Israeli singer and guitarist Lea Shabat, 62, has been making music for more than 30 years. A veteran of the Israeli music scene and sister to renowned singer Shlomi Shabat, you could say that a love for music runs in her family.
How did music first come into your life?
Shabat will take a break from finishing her as-yet-untitled 10th studio album to play at the multi-day Tamar Festival at Kibbutz Ein Gedi (6:30 p.m.) on October 8. Shabat sat down with The Jerusalem Post to discuss teaching herself to play guitar, how much she has grown as a musician since her first album, and the new direction she is currently taking with covers and songs in Portuguese.
It came very naturally. My brother, Shlomi, started playing before me, so I listened to him. It was something from the inside and from the sky. It’s like I was born with it. My father put music on all the time, but it was Turkish and Greek music, which I didn’t connect to when I was younger.
Did you father’s family come from those areas?
Yeah, my parents came from Turkey, they were born there. They came to Israel when they were 16.
So there was music being played at home and my brother was playing, but these are reasons from the outside. On the inside, it was just there.What was the first instrument you learned how to play?
Guitar was my first instrument.
It’s my instrument. I know how to play a little bit of this and that, but most of all, it’s guitar. I didn’t want a teacher; I taught myself.
When I saw someone playing on the television, I would look at their hands playing the chords, and then I would run straight to my guitar to start trying to play it. I was copying everything that I saw when people played. Also with how I wrote the chords, it was not the normal way to write them. I would use strange names. I succeeded with it because I knew what I was talking about, but someone else who didn’t know wouldn’t know what to do with it.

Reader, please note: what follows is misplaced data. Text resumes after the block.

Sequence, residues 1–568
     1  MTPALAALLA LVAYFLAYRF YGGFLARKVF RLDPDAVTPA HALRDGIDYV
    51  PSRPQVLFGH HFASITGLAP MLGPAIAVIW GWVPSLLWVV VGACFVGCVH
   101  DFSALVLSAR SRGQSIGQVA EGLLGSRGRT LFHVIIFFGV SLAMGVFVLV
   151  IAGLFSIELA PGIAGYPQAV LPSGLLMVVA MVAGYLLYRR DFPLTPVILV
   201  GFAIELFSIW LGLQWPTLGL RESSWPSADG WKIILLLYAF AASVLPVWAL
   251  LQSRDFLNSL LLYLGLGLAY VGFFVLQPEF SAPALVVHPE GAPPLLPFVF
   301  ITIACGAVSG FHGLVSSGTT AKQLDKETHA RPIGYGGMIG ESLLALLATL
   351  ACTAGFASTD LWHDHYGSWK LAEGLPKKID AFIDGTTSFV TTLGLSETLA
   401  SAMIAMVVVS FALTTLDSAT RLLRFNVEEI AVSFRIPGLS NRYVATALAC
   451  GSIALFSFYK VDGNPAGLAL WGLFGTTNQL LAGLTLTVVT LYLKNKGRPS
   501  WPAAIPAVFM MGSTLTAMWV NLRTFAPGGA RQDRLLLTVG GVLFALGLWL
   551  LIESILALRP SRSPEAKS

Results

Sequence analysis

It was like a code.What was the reason you didn’t want a teacher?
First of all, my parent didn’t have money for it. Second, there weren’t so many music teachers. But my parents never thought about it.
They were concerned about food and the simple things of life.At what point did you realize that playing guitar was more than a hobby?
I feel that I knew it from the beginning, in my insides. I knew that this is me and this is what I’m going to do. There wasn’t much thinking about it, but I felt it all the time. I was living in the music.
When did you put out your first album?
I was 30 years old. I recorded a song and it went to the radio and was a very big success. Then I signed a contract at that point and recorded my first record.
What was that experience like for you? Wow! I was afraid, with no confidence because I had no experience.
I didn’t know what I should do. The person who did the musical arrangements was my boyfriend, but the musicians were studio players. I didn’t know them. I thought maybe this is not for me. It was hard to speak up for myself, it was difficult from one side. But on the other side, it was a dream come true. I gained experience from record to record. I did some records where I was responsible for the musical arrangements. I was a little girl at first in the studio.How many records have you released in total?